New Price Tag On San Diego Fire Station Needs Tops $91 Million
San Diego would need to spend more than $91 million to fully implement the findings of a recent report on the city's fire safety needs, according to an analysis by the Independent Budget Analyst's Office.
The figure represents the cost of building seven new, unfunded fire stations throughout the city. Operating those stations, plus another five that the city is already planning to build, would cost about $18.7 million per year.
An alternative plan presented in the analysis suggested adding only one new fire station to the city's capital budget and filling in the remaining service gaps with "peak hour engines" — roaming fire engines with no brick-and-mortar home base for most of the day.
The alternative plan would cost the city $13 million upfront with $15.2 million in annual operating costs. The IBA and the fire department said this should be seen as a temporary fix, not a long-term solution to the city's fire safety needs.
The IBA analysis, released last week, comes as the mayor and City Council are preparing to cut some $37 million from the city's 2018 operating budget to offset rising pension costs.
Last month, the public safety consulting firm Citygate Associates presented a council committee with an update to its 2010 report on the city's fire safety needs. The new report found that San Diego's fire department is still failing to meet its goal of responding to calls within seven and a half minutes 90 percent of the time. A growing population and worsening traffic congestion are exacerbating the problem.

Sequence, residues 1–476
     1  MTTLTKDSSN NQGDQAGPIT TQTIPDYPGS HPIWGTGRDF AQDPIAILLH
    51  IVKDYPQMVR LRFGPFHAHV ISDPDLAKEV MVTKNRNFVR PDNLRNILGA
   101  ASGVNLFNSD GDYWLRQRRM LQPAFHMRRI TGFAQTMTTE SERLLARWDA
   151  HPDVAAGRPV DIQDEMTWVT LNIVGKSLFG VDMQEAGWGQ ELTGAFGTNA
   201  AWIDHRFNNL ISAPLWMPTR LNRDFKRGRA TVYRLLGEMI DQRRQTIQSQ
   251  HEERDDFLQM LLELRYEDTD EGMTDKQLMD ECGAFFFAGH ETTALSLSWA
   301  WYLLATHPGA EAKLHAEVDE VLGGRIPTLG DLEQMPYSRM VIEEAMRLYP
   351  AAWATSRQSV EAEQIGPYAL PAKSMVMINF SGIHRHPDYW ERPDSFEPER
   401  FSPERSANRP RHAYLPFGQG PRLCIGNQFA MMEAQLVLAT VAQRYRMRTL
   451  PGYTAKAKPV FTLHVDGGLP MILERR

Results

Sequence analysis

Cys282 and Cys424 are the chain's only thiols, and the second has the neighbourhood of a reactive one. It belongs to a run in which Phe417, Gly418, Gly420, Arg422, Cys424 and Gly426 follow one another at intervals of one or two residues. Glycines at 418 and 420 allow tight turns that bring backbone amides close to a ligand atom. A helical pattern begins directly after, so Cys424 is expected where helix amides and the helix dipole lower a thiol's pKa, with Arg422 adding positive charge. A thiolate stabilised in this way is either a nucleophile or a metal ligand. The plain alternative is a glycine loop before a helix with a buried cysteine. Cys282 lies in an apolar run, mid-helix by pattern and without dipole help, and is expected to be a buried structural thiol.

Chris Olsen, author of the IBA's analysis, said the city simply does not have enough money to build the new fire stations it needs.
"And stations aren't the only need we have," he said. "We don't have enough capital to do a lot of the other priorities the city has."
San Diego has about $1.27 billion in unfunded infrastructure needs — primarily upgrades to existing city facilities like libraries, parks, rec centers, streets and police and fire stations. This figure, referred to as the infrastructure deficit, is down slightly from last year because the city is expected to take in more revenue than previously thought.
Councilwoman Lorie Zapf said last summer that she was working on a plan to fund five of the most urgently needed fire stations, in addition to paying for upgrades to existing police and fire stations. The plan, which she said would be funded without a tax increase, was never presented to her council colleagues.
"At this time, we are still evaluating all options related to addressing these gaps in service as identified by the updated Citygate report," Zapf's office said in an e-mailed statement.
Asked whether the city may need to raise taxes to meet its long-term fire safety needs, the office's response was emphatic: "NO!"